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Research Group Claims Gays Have Mental, Physical Problems in Dispute of Hooker Study

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    (Photo: AP Images / Jacquelyn Martin)
    Gay rights advocates march by the White House in Washington, on Sunday, Oct. 11, 2009. Thousands of gay rights supporters marched Sunday from the White House to the Capitol, demanding that President Barack Obama keep his promises to allow gays to serve openly in the military and work to end discrimination against gays.
By Stoyan Zaimov, Christian Post Reporter
September 4, 2012|4:15 pm

The Family Research Institute (FRI), an organization driving research into questions relating to the traditional family unit, has challenged a widely approved and circulated study accepted in many psychological circles that claims to prove that homosexuality is not a mental disorder.

"The main motivation is that if you look across the data sets you see that homosexuals have a host of mental problems, disproportionate physical problems, they don't live as long, and they are disproportionately involved in drug abuse and criminality," Dr. Paul Cameron of FRI, who led the analysis, told The Christian Post on Tuesday. "That would seem to indicate that that is a lifestyle that may reasonably be considered mentally disturbed – [a] disorder. Yet, it isn't."

Dr. Cameron serves as Chairman of FRI and has authored over 90 scientific articles and five books. He has a doctorate in Psychology from the University of Colorado, and has worked as a professor at the University of Louisville, the University of Nebraska, and Fuller Theological Seminary.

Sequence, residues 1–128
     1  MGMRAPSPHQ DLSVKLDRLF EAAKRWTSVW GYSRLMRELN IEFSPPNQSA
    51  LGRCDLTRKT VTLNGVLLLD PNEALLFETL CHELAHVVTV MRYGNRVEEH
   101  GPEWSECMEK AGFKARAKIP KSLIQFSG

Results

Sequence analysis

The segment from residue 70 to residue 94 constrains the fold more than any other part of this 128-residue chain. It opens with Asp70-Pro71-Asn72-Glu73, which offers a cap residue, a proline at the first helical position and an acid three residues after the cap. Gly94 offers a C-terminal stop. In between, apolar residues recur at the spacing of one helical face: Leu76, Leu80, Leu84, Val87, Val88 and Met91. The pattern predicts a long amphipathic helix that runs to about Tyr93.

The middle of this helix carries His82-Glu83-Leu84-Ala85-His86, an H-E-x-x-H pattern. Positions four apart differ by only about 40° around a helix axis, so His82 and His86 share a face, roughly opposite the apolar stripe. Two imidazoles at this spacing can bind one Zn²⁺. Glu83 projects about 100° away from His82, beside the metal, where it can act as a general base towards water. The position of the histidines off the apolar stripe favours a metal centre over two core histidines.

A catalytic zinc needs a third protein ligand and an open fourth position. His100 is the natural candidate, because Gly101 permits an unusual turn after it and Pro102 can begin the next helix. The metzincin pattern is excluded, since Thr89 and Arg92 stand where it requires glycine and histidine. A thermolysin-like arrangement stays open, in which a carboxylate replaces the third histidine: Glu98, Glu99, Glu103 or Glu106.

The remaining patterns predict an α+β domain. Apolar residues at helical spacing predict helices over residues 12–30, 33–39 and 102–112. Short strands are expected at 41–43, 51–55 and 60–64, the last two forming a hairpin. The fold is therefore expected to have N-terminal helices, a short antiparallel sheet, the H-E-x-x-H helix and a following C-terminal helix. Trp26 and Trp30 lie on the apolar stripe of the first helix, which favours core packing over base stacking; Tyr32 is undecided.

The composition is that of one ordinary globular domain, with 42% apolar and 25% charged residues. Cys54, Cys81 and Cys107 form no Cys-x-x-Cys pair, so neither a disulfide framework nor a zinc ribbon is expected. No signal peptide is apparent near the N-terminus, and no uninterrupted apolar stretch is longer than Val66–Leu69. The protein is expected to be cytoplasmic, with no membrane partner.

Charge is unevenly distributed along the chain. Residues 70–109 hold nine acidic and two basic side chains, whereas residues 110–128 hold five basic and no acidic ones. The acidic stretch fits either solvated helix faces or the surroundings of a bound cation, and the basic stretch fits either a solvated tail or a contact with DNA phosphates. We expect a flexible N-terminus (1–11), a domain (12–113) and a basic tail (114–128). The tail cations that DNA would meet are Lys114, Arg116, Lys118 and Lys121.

FRI's investigation concerns a 1957 study of 30 male homosexuals conducted by Dr. Evelyn Hooker that used a number of psychiatry tests to determine whether homosexuality can be considered a mental problem. Hooker's research was claimed to show that it cannot, eventually prompting the American Psychiatric Association to remove homosexuality from the Diagnostic and Statistical Manual of Mental Disorders in 1973. Since then, Hooker's study has been used in many journals, textbooks, and court cases, cementing the notion that homosexuality is a normal mental state.

"[W]hat is difficult to accept (for most clinicians) is that some homosexuals may be very ordinary individuals, indistinguishable, except in sexual pattern, from ordinary individuals who are heterosexual. Or – and I do not know whether this would be more or less difficult to accept – that some may be quite superior individuals, not only devoid of pathology but also functioning at a superior level," Hooker summarized in her research.

The American Psychiatric Association famously used Hooker's study in the 2003 U.S. Supreme Court decision on Lawrence v Texas, when anti-sodomy laws were overturned in Texas, and consequently in 13 other states, making same-sex relations legal in every Unites States territory.